Police rehiring plan may derail talks on raising retirement age, unions fear
Force's move to take on retired officers to help cope with Occupy Central may derail talks on raising retirement age, staff associations say
Police chiefs have moved quickly to quell anger among unions over a controversial move to rehire retired officers on short-term contracts.
Several police unions last week expressed shock about the hiring plan, accusing management of failing to consult them and claiming the move undermined talks on raising the mandatory retirement age of 55.
The unions' concerns come as police bosses strive for unity in the force amid growing controversy over the role of police during pro-democracy protests, including the July 1 march and the planned Occupy Central civil disobedience campaign.
Police management met representatives of the four police associations for two hours on Friday to discuss the hiring plan, under which former officers would sign non-civil-service contracts. They would support frontline officers but would not be involved in force duties such as executing search warrants.
The plan was understood to have taken effect last week, with former officers given until August 2 to express interest.
This is also the last date for submissions to a government consultation on extending the retirement age for civil servants. Under the government plan, new recruits to the disciplined services - including the police - would work until age 57, with an option to work until 60.
Junior Police Officers Association chairman Joe Chan Cho-kwong said yesterday that the meeting helped address some concerns but added that it was still early days.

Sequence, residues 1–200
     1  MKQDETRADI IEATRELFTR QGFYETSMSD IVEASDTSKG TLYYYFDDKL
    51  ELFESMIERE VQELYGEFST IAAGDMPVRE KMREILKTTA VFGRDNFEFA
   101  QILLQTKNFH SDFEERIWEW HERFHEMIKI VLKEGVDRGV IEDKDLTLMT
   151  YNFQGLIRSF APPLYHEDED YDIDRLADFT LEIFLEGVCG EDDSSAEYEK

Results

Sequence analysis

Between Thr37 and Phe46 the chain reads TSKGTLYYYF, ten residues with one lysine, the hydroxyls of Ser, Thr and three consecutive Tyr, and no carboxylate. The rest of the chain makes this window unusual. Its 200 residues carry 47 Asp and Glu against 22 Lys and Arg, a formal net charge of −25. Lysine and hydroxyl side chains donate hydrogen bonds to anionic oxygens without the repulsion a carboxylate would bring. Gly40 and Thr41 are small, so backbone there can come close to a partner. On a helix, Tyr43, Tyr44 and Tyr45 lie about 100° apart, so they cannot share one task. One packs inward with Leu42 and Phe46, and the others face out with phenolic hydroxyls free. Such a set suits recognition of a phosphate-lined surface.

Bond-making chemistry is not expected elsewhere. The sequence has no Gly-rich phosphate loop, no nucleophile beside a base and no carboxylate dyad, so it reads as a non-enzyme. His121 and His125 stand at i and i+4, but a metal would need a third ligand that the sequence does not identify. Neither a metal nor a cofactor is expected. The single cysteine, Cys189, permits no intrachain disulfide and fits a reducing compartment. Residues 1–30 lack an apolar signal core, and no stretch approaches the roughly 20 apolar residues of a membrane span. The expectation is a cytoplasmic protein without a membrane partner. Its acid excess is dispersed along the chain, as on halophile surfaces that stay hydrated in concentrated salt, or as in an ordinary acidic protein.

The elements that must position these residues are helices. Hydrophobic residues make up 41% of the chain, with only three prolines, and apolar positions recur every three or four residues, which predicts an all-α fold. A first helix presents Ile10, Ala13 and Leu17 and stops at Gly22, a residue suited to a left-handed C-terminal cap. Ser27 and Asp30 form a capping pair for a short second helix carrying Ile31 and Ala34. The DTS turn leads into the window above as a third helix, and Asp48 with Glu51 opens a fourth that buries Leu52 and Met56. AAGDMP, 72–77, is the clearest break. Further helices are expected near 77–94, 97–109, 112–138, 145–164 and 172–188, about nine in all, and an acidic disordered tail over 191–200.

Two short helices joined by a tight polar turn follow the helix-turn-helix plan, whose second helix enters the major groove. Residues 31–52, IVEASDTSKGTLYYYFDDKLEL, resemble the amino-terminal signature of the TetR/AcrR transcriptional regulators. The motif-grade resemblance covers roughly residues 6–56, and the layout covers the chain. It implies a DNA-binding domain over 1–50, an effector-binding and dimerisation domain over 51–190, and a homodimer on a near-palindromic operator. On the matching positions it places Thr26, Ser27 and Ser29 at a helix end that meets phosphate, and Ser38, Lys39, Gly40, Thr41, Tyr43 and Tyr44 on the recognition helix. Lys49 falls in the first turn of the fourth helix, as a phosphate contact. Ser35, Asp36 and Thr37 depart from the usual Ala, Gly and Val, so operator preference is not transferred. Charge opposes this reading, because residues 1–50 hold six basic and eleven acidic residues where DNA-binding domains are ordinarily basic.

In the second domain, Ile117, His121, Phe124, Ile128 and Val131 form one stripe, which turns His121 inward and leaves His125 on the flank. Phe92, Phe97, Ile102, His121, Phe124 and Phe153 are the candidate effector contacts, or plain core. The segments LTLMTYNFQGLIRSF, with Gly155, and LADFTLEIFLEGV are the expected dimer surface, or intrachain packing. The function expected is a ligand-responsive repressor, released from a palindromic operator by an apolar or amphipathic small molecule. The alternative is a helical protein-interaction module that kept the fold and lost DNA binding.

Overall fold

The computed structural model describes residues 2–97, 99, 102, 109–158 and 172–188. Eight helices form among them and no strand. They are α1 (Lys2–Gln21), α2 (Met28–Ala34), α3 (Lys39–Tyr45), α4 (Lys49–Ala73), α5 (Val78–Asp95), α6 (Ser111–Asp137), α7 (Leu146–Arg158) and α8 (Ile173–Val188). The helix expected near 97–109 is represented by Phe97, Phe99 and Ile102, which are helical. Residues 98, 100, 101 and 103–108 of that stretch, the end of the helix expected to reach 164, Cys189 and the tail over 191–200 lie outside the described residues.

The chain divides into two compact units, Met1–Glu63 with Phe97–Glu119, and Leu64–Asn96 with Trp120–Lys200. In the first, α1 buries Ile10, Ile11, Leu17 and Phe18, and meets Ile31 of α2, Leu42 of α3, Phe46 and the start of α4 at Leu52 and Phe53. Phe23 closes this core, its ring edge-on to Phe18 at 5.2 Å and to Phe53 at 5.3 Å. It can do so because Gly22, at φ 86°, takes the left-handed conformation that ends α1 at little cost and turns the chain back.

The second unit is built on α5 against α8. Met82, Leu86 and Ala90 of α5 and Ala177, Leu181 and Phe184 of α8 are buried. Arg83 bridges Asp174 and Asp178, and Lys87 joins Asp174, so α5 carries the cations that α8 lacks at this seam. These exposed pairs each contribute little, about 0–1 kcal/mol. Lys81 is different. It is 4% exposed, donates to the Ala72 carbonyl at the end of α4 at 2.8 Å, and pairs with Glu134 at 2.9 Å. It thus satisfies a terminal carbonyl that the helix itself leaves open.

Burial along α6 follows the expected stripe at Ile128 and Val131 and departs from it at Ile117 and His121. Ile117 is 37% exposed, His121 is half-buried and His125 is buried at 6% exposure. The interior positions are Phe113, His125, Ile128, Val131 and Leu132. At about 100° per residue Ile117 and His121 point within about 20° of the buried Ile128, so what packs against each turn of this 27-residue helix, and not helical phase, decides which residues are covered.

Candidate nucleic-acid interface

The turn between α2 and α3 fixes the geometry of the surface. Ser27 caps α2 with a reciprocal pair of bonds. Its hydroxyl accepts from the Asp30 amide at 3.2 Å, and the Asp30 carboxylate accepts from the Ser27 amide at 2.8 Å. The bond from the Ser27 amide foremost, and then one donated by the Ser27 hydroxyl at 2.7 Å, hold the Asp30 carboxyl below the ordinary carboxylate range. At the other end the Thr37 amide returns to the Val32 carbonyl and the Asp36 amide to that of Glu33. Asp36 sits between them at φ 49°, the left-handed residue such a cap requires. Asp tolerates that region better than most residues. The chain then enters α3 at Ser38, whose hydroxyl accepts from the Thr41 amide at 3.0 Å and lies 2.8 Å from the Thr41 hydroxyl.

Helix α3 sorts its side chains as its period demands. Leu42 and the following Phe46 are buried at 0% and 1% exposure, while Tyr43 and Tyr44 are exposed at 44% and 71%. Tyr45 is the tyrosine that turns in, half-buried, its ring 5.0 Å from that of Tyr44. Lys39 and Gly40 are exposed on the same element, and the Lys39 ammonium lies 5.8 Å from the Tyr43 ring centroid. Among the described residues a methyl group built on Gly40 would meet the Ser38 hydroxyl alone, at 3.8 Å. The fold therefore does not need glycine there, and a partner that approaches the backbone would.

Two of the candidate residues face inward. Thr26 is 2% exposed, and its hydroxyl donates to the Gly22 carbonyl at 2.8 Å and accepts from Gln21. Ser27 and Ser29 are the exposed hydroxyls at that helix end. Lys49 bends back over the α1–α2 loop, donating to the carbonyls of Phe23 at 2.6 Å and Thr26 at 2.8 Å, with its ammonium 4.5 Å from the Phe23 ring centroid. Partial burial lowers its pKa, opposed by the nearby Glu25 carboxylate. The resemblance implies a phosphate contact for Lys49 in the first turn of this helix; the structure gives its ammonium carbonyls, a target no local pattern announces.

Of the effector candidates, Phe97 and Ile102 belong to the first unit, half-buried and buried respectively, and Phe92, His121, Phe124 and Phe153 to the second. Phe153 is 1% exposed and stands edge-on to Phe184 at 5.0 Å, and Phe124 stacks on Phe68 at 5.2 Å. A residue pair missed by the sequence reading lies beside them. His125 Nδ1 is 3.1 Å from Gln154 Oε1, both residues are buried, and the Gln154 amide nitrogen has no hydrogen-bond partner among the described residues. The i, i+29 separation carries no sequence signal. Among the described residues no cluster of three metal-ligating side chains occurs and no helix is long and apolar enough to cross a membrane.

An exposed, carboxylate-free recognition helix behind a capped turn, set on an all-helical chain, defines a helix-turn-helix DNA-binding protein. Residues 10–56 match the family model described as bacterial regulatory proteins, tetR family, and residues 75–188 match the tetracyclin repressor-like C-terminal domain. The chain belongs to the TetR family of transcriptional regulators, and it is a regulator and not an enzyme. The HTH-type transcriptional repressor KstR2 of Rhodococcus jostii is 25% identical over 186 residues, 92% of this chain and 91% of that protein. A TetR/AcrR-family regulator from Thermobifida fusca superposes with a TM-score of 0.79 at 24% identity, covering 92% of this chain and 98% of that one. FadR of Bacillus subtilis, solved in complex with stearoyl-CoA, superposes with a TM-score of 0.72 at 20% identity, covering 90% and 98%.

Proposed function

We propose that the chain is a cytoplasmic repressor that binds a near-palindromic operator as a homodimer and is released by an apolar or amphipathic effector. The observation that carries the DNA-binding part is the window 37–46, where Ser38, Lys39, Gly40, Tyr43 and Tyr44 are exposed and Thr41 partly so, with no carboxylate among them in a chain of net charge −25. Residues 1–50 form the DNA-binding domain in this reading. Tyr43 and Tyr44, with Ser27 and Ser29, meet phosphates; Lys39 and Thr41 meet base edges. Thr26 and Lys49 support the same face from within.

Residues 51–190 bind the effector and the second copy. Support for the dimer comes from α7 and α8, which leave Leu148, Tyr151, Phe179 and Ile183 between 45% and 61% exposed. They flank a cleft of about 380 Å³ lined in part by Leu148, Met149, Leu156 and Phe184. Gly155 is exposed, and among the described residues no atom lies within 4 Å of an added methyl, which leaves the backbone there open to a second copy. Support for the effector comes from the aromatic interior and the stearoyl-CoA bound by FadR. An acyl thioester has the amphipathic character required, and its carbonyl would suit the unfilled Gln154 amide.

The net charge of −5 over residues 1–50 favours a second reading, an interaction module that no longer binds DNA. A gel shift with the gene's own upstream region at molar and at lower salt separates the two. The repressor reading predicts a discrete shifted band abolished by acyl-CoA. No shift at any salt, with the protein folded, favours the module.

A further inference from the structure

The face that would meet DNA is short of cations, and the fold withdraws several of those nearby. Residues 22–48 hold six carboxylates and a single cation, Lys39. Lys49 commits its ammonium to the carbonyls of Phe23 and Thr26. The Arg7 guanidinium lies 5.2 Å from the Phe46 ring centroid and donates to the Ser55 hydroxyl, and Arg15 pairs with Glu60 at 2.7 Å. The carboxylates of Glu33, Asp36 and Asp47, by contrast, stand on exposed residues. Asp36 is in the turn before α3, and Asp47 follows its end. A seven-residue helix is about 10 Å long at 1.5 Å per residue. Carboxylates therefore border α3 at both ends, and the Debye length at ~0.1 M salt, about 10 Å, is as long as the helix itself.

"We are more understanding of the arrangement but we have to wait and see because we are worried that it will be used when the force encounters recruitment difficulties," said Chan, whose group represents 20,000 officers.
Overseas Inspectors Association chairman Ron Abbott said the unions had voiced their concern over the plan.
"The staff associations aired their views … and suggested some assurances be given that this was not an alternative to increasing the retirement age of serving police officers," he said.
Henry Ngo Chi-hang of the Police Inspectors Association said his group needed more details before commenting.
"But our opinion is that to execute police power, it must be police officers, nobody else; that is our bottom line. Even if they are retired police officers employed on part-time terms, they are no longer police officers," he said.
A police spokeswoman said: "The hiring plan aims to provide manpower to assist in backend support during major police operations.
"Detailed arrangements will be announced to relevant units and formations soon."
Last year, the Customs and Excise Department hired about 100 retired customs officers to provide short-term support at border checkpoints after the government introduced export restrictions on infant formula.
Meanwhile, former police chief Dick Lee Ming-kwai yesterday joined the debate over the policing of rallies. He said it was protests, rather than policing, that had become "politicised".
"A professional policeman should reject orders … that are unlawful or unreasonable, but I can't see [any such order] in Hong Kong nowadays," said Lee, who famously ordered the playing of Beethoven's Fifth Symphony to drown out protesters outside the 1997 handover ceremony. He believed relations between the police and the public were not getting any worse.